But diversity isn’t just about employing a wide range of employees from different genders and ethnicities. For example, researchers found that when diverse teams made a business decision, they outperformed individual decision-makers up to 87% of the time. This diversity also included people from different geographies and ages – all of whom collaborate towards a vibrant tapestry of working life and should be considered in a robust D&I framework.

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Is There a Strong Link Between Diversity and Inclusion and Mental Health?

Sadiq puts it best: “Yes. But what we must remember is that any strategy must be designed with diversity in mind – including diversity of age and of generations. A lot of wellbeing initiatives in organizations are geared towards young generations, to the exclusion of older generations which doesn’t create an inclusive environment where everyone can get involved.”

Diversity and inclusion cannot be a perfunctory exercise: It has to be foundational.

As Astrid C. Homan says, “Organizations can maximize the benefits of diversity in teams by cultivating “diversity mindsets,” defined as the shared understanding of a team’s diversity and its positive benefits to group performance.

Key characteristics of effective diversity mindsets include:

  • Cultural intelligence.
  • Openness to different ideas and experiences.
  • Multicultural experiences.
  • Work climates that emphasize the value and potential of diversity.

What Should HR Professionals Avoid When Working On D&I?

Sadiq offers the following advice: “Don’t follow the textbook. People really want us to be human, to engage, to understand.”

There is a risk that people tip-toe around issues that they were trained to be wary of, such as what words to use to describe ethnic minorities.

“People don’t expect us to know every element of D&I every day, but they expect us to have the right intent, openness to listen, and ask questions. I see people scared or fearful around the conversation on D&I and approach it with what they learned in training 10 years ago which is not always relevant. The terminology used to refer to an ethnic minority, for example, might offend one person of that minority and not another. Being hung up on how to approach the situation or what to say means you won’t be able to engage and have a genuine conversation.”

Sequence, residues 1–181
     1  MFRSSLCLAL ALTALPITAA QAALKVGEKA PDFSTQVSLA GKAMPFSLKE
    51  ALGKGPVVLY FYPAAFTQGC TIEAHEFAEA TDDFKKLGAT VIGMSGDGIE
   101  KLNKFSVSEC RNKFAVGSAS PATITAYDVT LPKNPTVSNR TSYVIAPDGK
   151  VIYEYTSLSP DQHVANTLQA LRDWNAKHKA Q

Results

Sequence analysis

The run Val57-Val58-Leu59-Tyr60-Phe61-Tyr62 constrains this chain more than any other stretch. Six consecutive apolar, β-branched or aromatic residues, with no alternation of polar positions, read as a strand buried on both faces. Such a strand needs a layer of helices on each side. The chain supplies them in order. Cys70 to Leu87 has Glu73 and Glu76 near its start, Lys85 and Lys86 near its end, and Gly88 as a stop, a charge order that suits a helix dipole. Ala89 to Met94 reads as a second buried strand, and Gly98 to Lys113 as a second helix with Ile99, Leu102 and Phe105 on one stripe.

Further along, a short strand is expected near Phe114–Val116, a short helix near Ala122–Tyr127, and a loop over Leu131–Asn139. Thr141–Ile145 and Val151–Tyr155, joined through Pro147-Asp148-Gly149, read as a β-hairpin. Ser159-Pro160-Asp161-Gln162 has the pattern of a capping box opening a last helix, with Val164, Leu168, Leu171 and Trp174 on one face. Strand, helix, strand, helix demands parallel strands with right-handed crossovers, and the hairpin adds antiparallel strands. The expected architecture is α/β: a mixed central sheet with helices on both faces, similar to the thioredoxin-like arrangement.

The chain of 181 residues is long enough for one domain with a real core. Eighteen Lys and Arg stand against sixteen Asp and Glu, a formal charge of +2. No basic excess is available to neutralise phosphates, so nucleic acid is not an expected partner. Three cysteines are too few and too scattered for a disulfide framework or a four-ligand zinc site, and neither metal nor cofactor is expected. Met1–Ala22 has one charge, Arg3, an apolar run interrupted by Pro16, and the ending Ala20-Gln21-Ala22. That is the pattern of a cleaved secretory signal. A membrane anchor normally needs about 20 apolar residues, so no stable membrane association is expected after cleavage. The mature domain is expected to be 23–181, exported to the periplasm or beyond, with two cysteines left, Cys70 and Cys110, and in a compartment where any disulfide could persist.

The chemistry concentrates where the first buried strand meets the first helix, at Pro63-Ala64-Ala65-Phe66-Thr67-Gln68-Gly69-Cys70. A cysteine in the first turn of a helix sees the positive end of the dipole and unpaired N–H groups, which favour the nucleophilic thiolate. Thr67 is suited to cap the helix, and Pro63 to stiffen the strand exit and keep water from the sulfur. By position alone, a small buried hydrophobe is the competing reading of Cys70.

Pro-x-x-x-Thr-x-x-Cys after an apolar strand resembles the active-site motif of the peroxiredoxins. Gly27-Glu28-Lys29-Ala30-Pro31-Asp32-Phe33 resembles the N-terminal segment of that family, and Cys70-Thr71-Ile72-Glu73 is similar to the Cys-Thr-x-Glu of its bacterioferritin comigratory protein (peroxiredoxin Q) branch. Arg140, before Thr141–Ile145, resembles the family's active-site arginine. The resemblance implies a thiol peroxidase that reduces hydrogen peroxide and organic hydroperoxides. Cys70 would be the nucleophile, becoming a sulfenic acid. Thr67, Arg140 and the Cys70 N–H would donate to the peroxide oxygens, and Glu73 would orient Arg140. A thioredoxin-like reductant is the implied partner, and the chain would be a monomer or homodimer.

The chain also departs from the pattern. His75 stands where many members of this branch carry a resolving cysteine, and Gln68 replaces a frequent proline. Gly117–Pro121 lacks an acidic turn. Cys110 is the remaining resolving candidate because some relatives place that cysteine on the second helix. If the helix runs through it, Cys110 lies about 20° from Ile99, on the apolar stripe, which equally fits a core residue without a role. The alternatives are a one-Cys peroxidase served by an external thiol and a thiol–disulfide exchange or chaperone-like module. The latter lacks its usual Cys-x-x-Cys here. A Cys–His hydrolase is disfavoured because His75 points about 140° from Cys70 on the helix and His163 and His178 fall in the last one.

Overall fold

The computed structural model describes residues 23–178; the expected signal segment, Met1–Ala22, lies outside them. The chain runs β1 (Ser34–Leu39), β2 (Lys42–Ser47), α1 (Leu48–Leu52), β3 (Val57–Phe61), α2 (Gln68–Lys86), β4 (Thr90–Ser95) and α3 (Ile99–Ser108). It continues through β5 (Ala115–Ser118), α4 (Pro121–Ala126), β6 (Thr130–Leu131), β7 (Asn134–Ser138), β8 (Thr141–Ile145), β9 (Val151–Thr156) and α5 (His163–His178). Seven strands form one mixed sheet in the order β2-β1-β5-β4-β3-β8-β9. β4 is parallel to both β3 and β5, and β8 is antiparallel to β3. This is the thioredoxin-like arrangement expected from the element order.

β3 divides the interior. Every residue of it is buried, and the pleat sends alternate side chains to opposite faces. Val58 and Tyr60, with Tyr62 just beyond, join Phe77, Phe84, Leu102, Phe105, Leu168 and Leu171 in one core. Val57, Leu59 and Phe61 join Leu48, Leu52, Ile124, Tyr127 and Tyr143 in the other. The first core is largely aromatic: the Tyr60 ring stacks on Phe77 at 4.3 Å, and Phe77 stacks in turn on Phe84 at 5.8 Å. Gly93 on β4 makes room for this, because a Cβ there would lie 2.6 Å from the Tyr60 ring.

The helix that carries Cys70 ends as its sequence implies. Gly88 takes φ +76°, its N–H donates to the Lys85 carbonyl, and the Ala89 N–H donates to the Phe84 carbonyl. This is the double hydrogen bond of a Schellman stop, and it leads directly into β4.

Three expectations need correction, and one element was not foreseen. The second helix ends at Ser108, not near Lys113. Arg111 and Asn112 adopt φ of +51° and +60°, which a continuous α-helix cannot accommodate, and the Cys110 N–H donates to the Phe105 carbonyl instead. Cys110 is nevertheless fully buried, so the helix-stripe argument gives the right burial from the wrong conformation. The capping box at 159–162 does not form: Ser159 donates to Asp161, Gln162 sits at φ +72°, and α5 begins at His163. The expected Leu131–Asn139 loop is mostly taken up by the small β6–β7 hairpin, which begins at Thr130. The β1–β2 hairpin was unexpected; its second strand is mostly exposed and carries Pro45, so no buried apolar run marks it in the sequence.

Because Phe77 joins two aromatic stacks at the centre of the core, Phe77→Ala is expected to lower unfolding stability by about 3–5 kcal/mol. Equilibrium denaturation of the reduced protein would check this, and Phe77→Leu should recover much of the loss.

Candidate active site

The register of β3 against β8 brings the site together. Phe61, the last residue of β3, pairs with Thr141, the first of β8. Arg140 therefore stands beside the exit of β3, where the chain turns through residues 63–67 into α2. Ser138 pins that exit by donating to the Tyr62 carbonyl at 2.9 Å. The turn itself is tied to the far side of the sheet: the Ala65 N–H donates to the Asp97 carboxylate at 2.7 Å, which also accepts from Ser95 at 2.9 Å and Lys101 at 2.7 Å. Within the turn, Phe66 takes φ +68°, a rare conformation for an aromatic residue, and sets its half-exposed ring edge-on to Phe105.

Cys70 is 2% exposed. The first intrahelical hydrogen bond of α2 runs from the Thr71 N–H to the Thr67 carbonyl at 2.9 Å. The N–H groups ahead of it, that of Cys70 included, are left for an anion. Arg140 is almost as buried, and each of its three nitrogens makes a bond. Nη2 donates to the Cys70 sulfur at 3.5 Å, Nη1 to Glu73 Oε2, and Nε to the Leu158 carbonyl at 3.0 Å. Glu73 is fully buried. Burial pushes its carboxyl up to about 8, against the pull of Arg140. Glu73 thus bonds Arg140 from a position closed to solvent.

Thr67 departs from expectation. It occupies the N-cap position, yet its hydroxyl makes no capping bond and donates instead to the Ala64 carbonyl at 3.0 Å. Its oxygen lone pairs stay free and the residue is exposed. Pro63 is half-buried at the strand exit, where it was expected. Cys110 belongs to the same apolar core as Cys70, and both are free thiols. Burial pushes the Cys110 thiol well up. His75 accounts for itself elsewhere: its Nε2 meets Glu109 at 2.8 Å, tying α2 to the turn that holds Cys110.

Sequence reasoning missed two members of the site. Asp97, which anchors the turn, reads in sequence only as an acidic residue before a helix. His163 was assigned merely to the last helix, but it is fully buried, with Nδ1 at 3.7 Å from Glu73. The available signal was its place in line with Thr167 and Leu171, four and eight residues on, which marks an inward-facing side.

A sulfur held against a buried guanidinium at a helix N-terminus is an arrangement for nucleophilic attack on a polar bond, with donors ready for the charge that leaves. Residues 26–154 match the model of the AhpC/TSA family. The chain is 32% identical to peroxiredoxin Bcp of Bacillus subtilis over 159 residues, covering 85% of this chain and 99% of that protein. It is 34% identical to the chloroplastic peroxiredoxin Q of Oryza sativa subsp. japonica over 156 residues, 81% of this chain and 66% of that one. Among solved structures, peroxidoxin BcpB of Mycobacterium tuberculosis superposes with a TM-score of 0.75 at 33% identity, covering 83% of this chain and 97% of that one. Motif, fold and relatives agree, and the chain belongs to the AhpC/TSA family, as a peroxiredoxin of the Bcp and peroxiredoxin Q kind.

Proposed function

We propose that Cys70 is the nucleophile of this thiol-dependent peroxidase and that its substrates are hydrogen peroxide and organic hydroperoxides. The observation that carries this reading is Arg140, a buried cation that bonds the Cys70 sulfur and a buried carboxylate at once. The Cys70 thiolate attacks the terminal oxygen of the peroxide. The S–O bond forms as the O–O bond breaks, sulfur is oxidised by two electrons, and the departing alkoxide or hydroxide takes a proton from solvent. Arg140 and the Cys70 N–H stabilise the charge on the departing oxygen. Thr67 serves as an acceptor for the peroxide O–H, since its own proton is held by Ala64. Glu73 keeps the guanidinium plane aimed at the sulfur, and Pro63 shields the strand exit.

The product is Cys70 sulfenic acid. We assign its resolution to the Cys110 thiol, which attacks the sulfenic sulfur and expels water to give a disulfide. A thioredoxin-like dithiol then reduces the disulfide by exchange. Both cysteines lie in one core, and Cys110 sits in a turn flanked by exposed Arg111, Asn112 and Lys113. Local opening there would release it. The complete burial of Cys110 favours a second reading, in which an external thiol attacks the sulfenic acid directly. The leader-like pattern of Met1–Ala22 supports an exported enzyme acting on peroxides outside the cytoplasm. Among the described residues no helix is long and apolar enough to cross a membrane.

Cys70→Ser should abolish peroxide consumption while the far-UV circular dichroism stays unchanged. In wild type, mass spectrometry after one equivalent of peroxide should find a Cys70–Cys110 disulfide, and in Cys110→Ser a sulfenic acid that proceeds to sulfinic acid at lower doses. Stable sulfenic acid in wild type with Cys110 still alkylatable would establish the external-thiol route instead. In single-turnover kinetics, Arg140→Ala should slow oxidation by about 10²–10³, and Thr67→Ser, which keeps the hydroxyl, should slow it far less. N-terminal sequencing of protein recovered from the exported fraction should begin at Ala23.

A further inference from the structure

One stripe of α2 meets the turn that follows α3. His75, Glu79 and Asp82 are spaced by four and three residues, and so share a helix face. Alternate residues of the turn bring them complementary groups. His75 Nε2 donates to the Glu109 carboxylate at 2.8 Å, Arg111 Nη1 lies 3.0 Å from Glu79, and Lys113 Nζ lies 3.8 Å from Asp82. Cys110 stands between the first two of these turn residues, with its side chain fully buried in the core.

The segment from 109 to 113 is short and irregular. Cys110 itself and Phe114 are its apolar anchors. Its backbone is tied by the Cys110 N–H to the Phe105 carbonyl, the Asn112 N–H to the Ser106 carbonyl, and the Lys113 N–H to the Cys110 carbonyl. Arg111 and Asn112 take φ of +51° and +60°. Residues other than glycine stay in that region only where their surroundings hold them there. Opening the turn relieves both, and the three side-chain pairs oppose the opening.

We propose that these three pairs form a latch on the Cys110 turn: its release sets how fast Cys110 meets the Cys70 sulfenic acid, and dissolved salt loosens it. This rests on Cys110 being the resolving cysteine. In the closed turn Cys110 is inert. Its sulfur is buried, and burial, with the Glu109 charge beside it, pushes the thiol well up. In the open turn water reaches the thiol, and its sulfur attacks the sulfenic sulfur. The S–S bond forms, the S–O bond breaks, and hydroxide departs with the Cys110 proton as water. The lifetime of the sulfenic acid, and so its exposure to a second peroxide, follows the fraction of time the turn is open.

While diversity has been shown to increase productivity and profits, improve cultural insight, creativity, employee engagement, and company reputation, and even provide a wider range of skills and reduce employee turnover, the most important benefit of D&I is the ability to recognize our own humanity.

“It’s about human interactions,” says Sadiq.

Tips for Improving Diversity and Inclusion

  • Employing different people doesn’t necessarily guarantee change.
  • Create inclusive environments where people feel included and create a sense of belonging where they can bring their authentic selves to work.
  • Move on from hiring a diverse workforce – create the working environment and culture where they feel included.
  • It’s not just the right thing to do, morally. It also creates a good business case.
  • Consider all of the action steps you should take into account when creating an inclusive culture (click here to download a useful eBook on the subject).